Engineers Edge

Classification of Properties Thermodynamics

Classification of Properties Thermodynamic

Properties are classified as either intensive or extensive. Properties are intensive if independent of the amount of mass present and extensive if a function of the amount of mass present. Properties such as pressure, temperature, and density are intensive, whereas volume and mass are extensive. An extensive property may be made intensive by dividing the particular property by the total mass. Total volume (V), which is an extensive property, can be changed to specific volume, which is an intensive property, by dividing by the mass of the system, n = V/m. Any specific property (specific volume, specific enthalpy, specific entropy), is an intensive property, as indicated in Figure 3.The use of intensive and extensive properties is demonstrated in the following discussion. Consider as a system 1 lbm of water contained in the piston-cylinder arrangement of Figure 4.Suppose that the piston and weight maintain a pressure of 14.7 psia in the cylinder and that the initial temperature is 60F, part (a) of Figure 4. As heat is transferred to the water, the temperature increases. The specific volume increases slightly, and the pressure remains constant.When the temperature reaches 212F, additional heat transfer results in a change in phase(boiling), as indicated in part (b).

That is, some of the liquid becomes vapor and both the temperature and pressure remain constant,but the specific volume increases considerably. When the last drop of liquid is vaporized, further transfer of heat results in an increase in both temperature and specific volume of the vapor, part(c). In this example, temperature and pressure are intensive, and therefore do not depend upon the amount of mass present. By examining the specific volume (an intensive property) of the water in the piston instead of the volume (an extensive property), we can examine how any portion of the water in the piston changes. Volume by itself tells us nothing about the water in the piston. However, by knowing the specific volume we can tell if the water is a liquid or steam.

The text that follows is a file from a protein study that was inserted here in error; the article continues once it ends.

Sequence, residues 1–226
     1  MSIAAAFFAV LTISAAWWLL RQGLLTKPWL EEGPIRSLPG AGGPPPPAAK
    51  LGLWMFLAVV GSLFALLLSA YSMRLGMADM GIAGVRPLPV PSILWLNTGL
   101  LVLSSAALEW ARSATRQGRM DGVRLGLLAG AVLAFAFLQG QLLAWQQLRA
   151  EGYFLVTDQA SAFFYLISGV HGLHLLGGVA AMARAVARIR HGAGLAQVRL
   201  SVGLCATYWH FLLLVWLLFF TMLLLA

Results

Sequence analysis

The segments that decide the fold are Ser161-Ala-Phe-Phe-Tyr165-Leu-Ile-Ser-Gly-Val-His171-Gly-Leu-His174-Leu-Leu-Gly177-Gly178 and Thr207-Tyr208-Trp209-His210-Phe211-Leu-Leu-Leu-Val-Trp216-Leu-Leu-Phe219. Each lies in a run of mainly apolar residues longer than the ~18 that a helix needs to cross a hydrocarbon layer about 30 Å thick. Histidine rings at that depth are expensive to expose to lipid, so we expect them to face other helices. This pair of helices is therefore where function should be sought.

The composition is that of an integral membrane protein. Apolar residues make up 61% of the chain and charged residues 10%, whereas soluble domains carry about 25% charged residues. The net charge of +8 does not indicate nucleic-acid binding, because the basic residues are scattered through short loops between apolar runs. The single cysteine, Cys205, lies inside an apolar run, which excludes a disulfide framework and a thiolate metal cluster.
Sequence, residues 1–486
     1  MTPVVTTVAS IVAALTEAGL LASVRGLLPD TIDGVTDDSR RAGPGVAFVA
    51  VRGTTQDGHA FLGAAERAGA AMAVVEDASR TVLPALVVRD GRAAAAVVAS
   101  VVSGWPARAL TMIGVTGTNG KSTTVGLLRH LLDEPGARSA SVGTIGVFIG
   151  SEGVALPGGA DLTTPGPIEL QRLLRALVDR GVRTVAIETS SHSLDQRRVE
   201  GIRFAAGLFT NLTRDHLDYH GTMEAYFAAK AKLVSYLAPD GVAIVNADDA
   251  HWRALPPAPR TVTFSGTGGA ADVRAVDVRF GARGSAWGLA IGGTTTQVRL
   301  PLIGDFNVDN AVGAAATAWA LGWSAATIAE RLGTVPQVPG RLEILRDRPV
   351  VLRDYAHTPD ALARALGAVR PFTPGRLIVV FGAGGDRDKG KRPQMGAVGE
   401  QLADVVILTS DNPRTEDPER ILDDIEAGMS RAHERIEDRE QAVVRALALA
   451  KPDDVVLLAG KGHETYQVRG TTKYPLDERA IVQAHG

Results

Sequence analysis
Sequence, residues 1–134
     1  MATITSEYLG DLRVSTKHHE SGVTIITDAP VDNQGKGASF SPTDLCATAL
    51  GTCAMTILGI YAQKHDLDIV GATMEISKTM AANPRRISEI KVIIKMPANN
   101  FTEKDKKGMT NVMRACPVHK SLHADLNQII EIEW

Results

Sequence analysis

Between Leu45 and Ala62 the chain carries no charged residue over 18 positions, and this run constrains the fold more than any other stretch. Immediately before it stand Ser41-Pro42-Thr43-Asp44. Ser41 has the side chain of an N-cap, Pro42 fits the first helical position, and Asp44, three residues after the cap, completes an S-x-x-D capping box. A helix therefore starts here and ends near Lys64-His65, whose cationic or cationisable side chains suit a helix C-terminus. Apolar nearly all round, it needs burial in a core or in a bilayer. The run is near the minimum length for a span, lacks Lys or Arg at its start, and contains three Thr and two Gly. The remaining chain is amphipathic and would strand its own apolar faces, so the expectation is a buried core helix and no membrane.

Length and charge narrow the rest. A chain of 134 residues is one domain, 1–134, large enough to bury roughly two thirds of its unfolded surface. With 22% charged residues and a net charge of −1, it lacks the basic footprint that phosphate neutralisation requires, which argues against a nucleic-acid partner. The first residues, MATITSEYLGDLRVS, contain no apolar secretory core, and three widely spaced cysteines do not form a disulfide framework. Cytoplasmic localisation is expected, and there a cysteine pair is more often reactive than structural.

Contribute Article Spider Optimizer

© Copyright 2000 - 2017, by Engineers Edge, LLC
All rights reserved
Disclaimer | Feedback | Advertising | Contact

Spider Optimizer

Engineering Book Store
Engineering Forum
Excel App. Downloads
Online Books & Manuals
Engineering News
Engineering Videos
Engineering Calculators
Engineering Toolbox
Engineering Jobs
GD&T Training Geometric Dimensioning Tolerancing
DFM DFA Training
Training Online Engineering
Advertising Center

Copyright Notice

Publishing Program